You probably cringe every time someone tells you to tailor your resume to every single job. You know it’s good advice, but it requires a little extra work. And all you want to do is apply for the position as soon as possible before someone else gets it. Is that really so much to ask for?
No—but you should also know that this advice gets repeated by experts for a reason. As Muse writer Katie Douthwaite Wolf points out, you want your resume and cover letter to scream that you’re the right candidate for the position. Because if yours’ doesn’t do that, someone else’s will.
So while there’s nothing wrong with applying to a ton of positions when you’re actively on the hunt, that’s not a good enough excuse to avoid tailoring your application.
Here are three other bad excuses you’re probably making:
1. You Think Nobody Will Read it—So Whatever
Let’s face the facts: 55% of hiring managers do not read cover letters. And that stat may lead you to believe that you shouldn’t bother doing anything special with yours. But if you held fast to that, you’d be forgetting about the 45% of people who do read them.
And as far as I know, there’s no job listing out there that tells you in advance what type of person will review your materials. This doesn’t just apply to finding a job. If your boss told you that you had a 45% chance of getting a promotion if you showed up to work 30 minutes early every day for a week, you’d do it right? Well, more awesome than that is landing a position that you’ll love. And it would take less of a time commitment than that.
2. You Want to Get Your Application Out the Door ASAP
Trust me—I know the feeling of seeing a great opening and thinking, “I need to apply for this before someone else does.” You aren’t the first person to feel this way (and you definitely won’t be the last).
However, there’s one critical flaw to this approach: There will always be competition , no matter how quickly you apply for the job.
Of course, you might get seen sooner if you press submit immediately. But expediting your materials won’t do you many favors if the person looking at them doesn’t like what he or she sees. In fact, many people say that the first applications to hit their inbox are the worst because they’re always rushed.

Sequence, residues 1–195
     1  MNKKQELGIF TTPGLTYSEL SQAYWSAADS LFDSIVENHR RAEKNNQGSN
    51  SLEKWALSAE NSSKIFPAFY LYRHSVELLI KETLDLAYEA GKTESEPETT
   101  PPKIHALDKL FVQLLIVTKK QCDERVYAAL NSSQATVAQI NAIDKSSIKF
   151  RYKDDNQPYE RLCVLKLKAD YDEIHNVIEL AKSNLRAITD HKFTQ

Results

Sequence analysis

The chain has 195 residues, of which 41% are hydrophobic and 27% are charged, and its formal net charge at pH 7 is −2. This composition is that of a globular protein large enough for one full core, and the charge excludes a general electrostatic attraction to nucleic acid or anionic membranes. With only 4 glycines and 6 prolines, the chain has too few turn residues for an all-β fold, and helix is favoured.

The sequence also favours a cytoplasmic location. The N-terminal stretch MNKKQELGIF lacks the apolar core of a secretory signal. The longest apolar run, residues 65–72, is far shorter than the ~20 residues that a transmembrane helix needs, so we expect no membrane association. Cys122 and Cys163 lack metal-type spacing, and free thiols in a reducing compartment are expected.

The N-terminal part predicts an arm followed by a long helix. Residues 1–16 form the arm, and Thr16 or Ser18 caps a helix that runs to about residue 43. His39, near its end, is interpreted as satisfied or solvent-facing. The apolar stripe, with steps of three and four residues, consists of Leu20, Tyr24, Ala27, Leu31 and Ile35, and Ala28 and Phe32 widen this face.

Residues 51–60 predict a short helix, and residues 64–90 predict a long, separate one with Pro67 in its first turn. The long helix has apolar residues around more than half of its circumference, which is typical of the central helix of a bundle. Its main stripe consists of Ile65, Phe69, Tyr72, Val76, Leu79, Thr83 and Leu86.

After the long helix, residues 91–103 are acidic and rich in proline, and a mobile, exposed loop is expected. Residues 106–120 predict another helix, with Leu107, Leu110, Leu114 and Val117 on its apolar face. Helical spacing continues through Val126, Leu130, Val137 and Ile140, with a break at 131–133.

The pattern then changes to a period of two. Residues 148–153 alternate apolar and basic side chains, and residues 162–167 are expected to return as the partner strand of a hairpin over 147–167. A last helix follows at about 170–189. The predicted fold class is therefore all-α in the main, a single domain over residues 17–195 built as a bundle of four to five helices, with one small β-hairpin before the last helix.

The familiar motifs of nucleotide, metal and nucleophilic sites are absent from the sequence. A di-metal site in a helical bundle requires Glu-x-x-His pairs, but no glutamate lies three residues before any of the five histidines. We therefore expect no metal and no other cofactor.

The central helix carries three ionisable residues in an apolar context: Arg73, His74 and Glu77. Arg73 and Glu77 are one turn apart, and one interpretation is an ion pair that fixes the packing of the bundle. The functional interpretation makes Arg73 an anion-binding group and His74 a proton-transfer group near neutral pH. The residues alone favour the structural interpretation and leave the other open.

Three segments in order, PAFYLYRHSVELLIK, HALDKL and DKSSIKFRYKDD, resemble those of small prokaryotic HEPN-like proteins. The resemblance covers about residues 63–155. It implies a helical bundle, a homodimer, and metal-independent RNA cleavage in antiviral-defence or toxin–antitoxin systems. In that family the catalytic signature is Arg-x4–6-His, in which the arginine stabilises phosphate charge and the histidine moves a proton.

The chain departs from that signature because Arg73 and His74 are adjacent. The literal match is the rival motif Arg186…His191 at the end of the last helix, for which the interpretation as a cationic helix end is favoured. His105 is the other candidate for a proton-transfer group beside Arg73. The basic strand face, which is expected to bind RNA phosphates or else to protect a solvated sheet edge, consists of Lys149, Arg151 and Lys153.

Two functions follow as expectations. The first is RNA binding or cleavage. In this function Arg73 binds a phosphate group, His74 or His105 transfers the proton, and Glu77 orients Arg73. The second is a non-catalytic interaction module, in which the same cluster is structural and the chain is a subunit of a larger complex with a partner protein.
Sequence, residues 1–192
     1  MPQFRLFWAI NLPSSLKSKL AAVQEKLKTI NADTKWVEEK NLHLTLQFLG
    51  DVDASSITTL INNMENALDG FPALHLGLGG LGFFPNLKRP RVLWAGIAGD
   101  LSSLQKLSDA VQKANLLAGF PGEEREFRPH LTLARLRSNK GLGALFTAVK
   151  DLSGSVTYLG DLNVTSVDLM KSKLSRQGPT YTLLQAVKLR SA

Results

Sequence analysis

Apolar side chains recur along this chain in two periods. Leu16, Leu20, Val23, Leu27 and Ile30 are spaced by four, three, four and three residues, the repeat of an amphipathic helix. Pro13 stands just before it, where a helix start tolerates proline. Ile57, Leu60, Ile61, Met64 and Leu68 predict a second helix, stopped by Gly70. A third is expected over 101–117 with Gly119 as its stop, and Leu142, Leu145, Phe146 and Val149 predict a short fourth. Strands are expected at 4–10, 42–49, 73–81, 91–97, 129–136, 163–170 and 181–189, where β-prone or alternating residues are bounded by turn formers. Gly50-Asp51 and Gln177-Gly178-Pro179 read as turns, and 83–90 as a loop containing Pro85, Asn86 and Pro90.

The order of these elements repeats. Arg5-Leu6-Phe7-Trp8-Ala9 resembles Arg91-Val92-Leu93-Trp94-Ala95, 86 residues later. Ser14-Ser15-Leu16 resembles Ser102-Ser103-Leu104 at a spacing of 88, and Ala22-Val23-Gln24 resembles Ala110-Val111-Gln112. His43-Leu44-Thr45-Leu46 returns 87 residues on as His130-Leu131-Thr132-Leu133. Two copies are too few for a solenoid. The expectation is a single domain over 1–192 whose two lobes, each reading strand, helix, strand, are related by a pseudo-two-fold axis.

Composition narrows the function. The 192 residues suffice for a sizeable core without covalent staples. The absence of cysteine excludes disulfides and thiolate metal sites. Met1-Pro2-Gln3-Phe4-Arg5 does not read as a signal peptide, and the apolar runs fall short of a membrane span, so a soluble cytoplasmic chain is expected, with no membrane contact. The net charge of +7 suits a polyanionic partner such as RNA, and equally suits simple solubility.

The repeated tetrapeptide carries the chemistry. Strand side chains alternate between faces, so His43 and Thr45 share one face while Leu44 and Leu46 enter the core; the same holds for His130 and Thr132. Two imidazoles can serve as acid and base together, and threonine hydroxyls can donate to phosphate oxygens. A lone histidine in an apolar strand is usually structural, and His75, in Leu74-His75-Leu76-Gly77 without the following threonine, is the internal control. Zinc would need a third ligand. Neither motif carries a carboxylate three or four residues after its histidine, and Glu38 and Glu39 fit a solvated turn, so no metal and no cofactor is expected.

Commit this to memory: In most cases, job openings don’t appear and disappear overnight. That means you have time to tailor!
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3. You’re Not Actually Sure What the Company Wants
Hiring managers all look for something different when they review applications for their open jobs. Some want cover letters addressed to them, but otherwise be straightforward. Other organizations encourage applicants to include a GIF in the body of their emails. When you’re in the middle of a tough job search, it’s difficult to keep track of what you think one employer wants, and the other definitely does not want to see.
And because it can be unclear at times, it’s tempting to throw your hands in the air and just submit your typical materials. While it might not be an exact science, there’s one thing you should always do regardless of the company you’re interested in: Visit its website to see the tone. There are plenty of clues on most company’s sites that’ll tip you off.
For example, when I go to The Muse site, I see casual language on the homepage, so I now know that the company probably isn’t look for a formal cover letter opening.
And regardless of tone, the more closely you can align your application with the responsibilities in the job listing, the more of a match you’ll be to the person reading your stuff. (And career expert Lily Zhang will tell you exactly how to use that job description to land the interview.)
I get it. It takes a lot of work to customize resumes and cover letters for every single job you want. But you have to trust me that putting in the effort is worth every minute of your time that it takes. Because even if you’re the most qualified person applying, you’ll be upstaged in the process by the person who did take the time to do it. So roll up your sleeves, get ready to do a little more research, and start tailoring.
Photo of person on computer courtesy of PeopleImages.com/Getty Images.
Richard Moy is a Content Marketing Writer at Stack Overflow. He has spent the majority of his career in talent management, including a stint as a full-cycle recruiter and hiring manager. In addition to the career advice he contributes to The Muse, he also writes test prep and higher education marketing content for The Economist. Say hi on Twitter @rich_moy.More from this Author